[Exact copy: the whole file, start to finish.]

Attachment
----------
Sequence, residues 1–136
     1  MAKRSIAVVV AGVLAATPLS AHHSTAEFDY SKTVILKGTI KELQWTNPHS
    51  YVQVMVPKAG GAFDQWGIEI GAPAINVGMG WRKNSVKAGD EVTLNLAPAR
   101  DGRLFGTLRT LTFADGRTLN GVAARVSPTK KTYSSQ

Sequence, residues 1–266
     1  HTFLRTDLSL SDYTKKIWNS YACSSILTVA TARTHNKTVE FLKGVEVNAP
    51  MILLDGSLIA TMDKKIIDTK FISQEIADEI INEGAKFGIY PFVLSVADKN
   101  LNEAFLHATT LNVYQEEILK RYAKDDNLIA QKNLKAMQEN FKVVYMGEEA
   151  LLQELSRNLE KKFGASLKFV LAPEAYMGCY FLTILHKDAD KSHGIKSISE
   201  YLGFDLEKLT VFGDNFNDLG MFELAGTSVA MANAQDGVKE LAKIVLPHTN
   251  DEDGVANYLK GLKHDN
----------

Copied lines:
Sequence, residues 1–136
     1  MAKRSIAVVV AGVLAATPLS AHHSTAEFDY SKTVILKGTI KELQWTNPHS
    51  YVQVMVPKAG GAFDQWGIEI GAPAINVGMG WRKNSVKAGD EVTLNLAPAR
   101  DGRLFGTLRT LTFADGRTLN GVAARVSPTK KTYSSQ

Sequence, residues 1–266
     1  HTFLRTDLSL SDYTKKIWNS YACSSILTVA TARTHNKTVE FLKGVEVNAP
    51  MILLDGSLIA TMDKKIIDTK FISQEIADEI INEGAKFGIY PFVLSVADKN
   101  LNEAFLHATT LNVYQEEILK RYAKDDNLIA QKNLKAMQEN FKVVYMGEEA
   151  LLQELSRNLE KKFGASLKFV LAPEAYMGCY FLTILHKDAD KSHGIKSISE
   201  YLGFDLEKLT VFGDNFNDLG MFELAGTSVA MANAQDGVKE LAKIVLPHTN
   251  DEDGVANYLK GLKHDN